Kent State Goes Green at Earth Fest

Kent State’s distinctive annual Earth Day program brings life and laughter to Risman Plaza

Birds flew overhead, black squirrels darted around and a cool, calm breeze swept across Risman Plaza on April 22 as dozens of organizations assembled their tables for Earth Fest, an interactive Earth Day event.  

The entire campus was in full bloom, with the sun shining brightly across the lawn as students gathered on The K.

Hosted by the Earth Month Planning Committee and the Office of Sustainability, Earth Fest was one of many distinctive programs held throughout April to celebrate the planet and teach the Kent State University community how to better care for our natural spaces.  

Earth Fest 24 student orgs

Kent State’s Manager of Sustainability Melanie Knowles knows that collaborative events like Earth Fest help propel the sustainability movement forward.  

“One person's actions and decisions can't be the solution for our plan. We need to all be on the same team. When we are, we make amazing strides. It's better for our environment. It's better for our health. It's better for our communities,” Knowles said.  

Some of the event’s activities included live music, giveaways, informational resources, prize giveaways and vendors from Haymaker Farmers' Market.  

Earth Fest 24 Haymaker's Market

Andrew Rome, director of Haymaker Farmers' Market, was excited that the market could join this event to share elements of the community with students.  

“There's something at the market for everyone. We know some students aren't buying lettuce and cooking with it in their dorm rooms, but there are a lot of prepared foods here,” Rome said. “You can buy fresh flowers at the market or plants for your dorm room too. I think there's enough different vendors that there's something for everybody.”

Not only is visiting the market enjoyable, Rome said it can be sustainable too.  

“A few years ago, we heard a lot about “food miles” or the distance food travels before it gets to you. While that is important, it’s also about how direct your connection is to the people making your food,” Rome said.  

Food distribution can be a long process, but Rome believes the market can solve some of these issues.  

“When you buy your food from the grocery store, it's gone through the distributor, and a warehouse and a packer; a lot of hands before it gets to you. You get to have a direct connection to the farmers, the bakers, the vendors making your food when you get it locally,” Rome said.  

Rome said the market is also a great way students can learn more about where their food comes from.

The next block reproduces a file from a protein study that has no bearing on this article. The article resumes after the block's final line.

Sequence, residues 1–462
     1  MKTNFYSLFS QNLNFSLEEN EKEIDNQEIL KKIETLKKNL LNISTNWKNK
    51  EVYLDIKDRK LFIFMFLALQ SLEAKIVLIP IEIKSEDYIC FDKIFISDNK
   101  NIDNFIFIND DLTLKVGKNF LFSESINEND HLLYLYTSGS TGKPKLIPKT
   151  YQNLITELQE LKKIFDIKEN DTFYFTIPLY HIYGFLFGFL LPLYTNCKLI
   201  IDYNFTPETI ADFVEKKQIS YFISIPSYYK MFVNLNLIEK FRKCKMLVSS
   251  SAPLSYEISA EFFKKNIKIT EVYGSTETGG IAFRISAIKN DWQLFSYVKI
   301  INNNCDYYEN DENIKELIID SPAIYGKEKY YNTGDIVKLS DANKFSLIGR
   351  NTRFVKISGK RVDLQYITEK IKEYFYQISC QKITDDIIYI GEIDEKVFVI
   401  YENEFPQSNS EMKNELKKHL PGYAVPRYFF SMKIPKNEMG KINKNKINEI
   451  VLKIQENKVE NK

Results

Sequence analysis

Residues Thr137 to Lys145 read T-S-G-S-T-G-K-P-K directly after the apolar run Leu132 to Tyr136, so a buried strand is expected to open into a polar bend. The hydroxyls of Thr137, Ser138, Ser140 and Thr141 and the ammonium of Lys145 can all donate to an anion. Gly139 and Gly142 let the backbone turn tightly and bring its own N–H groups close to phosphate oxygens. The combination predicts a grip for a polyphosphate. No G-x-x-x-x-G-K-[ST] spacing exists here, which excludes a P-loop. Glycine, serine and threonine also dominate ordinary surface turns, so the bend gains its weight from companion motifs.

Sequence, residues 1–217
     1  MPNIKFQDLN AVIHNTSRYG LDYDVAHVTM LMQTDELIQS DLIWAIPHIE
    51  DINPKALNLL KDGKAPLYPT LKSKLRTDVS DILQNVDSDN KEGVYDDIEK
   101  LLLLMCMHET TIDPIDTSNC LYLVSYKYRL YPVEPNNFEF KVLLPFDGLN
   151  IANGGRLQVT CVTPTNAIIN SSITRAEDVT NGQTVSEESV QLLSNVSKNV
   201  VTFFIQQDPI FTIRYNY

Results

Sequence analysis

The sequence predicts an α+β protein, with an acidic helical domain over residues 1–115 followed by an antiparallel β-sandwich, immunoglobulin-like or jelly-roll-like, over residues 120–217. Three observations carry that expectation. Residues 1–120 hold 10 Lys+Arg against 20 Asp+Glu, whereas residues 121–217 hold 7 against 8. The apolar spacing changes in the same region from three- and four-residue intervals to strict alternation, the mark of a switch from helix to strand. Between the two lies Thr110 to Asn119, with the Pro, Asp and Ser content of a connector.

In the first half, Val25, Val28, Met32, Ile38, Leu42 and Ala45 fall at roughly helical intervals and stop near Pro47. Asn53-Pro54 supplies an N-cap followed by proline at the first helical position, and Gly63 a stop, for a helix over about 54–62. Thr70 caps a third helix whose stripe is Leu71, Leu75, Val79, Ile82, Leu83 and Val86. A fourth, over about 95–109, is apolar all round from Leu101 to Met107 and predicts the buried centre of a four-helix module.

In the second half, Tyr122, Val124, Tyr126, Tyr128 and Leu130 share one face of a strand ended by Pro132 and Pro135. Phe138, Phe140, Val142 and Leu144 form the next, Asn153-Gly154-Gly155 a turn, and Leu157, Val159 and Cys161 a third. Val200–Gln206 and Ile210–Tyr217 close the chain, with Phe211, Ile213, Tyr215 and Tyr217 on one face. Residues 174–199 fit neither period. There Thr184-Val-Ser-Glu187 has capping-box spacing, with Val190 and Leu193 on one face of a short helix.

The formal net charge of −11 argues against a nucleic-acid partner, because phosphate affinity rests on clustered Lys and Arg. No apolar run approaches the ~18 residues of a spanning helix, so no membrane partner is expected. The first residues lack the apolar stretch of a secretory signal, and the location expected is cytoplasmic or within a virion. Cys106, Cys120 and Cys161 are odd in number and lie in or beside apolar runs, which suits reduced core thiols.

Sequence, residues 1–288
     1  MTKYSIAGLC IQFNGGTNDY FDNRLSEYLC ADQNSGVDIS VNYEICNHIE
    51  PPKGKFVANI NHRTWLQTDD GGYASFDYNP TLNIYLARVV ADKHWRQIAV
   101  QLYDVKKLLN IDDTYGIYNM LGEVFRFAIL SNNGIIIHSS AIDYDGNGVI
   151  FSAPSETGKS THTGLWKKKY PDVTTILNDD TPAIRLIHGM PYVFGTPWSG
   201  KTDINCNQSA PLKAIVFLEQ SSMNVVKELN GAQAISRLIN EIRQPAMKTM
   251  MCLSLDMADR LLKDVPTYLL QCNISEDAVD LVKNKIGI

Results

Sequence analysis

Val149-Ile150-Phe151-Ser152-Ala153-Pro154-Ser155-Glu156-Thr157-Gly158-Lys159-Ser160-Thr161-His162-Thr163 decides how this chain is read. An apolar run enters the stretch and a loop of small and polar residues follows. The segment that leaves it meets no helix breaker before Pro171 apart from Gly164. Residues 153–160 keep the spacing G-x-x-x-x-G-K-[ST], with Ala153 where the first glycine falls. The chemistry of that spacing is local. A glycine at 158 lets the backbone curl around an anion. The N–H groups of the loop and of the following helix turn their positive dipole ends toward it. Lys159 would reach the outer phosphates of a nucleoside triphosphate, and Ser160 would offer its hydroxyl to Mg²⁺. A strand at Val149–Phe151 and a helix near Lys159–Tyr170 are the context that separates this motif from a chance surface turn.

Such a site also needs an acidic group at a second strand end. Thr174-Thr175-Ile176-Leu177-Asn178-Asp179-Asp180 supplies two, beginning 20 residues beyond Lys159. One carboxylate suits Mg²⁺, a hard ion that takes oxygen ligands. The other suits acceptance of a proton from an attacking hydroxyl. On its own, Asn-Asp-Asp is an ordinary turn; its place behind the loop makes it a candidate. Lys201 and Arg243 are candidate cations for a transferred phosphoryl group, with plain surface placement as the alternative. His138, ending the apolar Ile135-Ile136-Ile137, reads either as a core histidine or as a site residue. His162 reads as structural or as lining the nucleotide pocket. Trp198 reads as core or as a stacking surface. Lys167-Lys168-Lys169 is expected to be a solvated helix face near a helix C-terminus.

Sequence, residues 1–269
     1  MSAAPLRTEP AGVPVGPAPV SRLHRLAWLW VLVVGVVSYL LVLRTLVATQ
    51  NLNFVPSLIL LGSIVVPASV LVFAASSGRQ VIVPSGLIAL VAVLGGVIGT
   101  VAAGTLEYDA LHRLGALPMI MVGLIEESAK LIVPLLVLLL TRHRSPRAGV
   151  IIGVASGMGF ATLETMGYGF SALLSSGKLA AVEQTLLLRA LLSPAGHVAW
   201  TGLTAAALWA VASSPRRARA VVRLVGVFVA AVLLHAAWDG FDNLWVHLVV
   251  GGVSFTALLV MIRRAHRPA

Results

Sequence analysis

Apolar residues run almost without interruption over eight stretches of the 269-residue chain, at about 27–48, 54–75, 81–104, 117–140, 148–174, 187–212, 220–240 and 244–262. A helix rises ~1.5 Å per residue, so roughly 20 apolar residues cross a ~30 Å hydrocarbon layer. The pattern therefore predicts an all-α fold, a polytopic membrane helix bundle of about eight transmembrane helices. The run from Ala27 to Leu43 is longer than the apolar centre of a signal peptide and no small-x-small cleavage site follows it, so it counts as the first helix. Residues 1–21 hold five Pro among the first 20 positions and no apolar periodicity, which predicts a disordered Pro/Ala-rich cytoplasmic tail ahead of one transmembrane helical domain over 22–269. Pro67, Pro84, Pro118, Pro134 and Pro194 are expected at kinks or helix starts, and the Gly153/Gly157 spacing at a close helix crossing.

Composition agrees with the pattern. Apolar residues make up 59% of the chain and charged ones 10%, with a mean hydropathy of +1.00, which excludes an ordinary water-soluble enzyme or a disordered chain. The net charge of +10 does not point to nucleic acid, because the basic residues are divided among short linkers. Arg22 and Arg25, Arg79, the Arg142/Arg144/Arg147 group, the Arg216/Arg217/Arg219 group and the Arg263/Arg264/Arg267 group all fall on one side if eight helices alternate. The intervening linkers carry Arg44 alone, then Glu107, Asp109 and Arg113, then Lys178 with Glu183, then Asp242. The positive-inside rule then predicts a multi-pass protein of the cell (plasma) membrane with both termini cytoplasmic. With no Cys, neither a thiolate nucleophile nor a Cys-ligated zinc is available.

“There’s also environmental accountability. You get to ask questions like ‘How are you raising your animals?’ or ‘What are you spraying on your fields?’” Rome said. “Having that local connection is better for the economy and better for the environment. And you get better tasting healthier products too!”

Earth Fest 24 student org

This event aimed to increase awareness of on- and off-campus sustainability, engage students in educational activities and inspire them to act in the sustainability movement. Several university departments, local park systems, student groups and local vendors gathered to share this message with attendees.  

While the day’s festivities were filled with joy and high spirits, Knowles knows that living a sustainable lifestyle can sometimes feel overwhelming and shares some advice.  

“I think one thing to remember is that we are all in this together. Anything that you do is still an improvement. When we all add those incremental steps, and we work together to change those systems, that's when we really get transformational change,” Knowles said. “So, you don't have to bear the whole burden. Just do the best that you can, whatever that looks like today.”

This event is just one way community members and the university work together to promote sustainability.  

Earth Fest 24 rain barrels

“Getting together today, with all of these different organizations, working on all these different parts, is just amazing. We get to see what everybody is doing together,” Knowles said.  

Kent State hosts Campus Sustainability Month in October and participates in competitions like Race to Zero Waste throughout the year to continue to inspire and motivate the Kent State community to live sustainably and create change.  

“Obviously we still have Earth Day, but we found there were so many people who wanted to do so many things now that April is Earth Month,” Knowles said. “I think that the longer it's in front of you, the more ingrained it becomes. That’s when the habits form.”  

Learn more about the Office of Sustainability.

POSTED: Wednesday, April 24, 2024 11:47 AM
Updated: Thursday, April 25, 2024 11:21 AM
Maddie Goerl, Flash Communications
Bob Christy & Maddie Goerl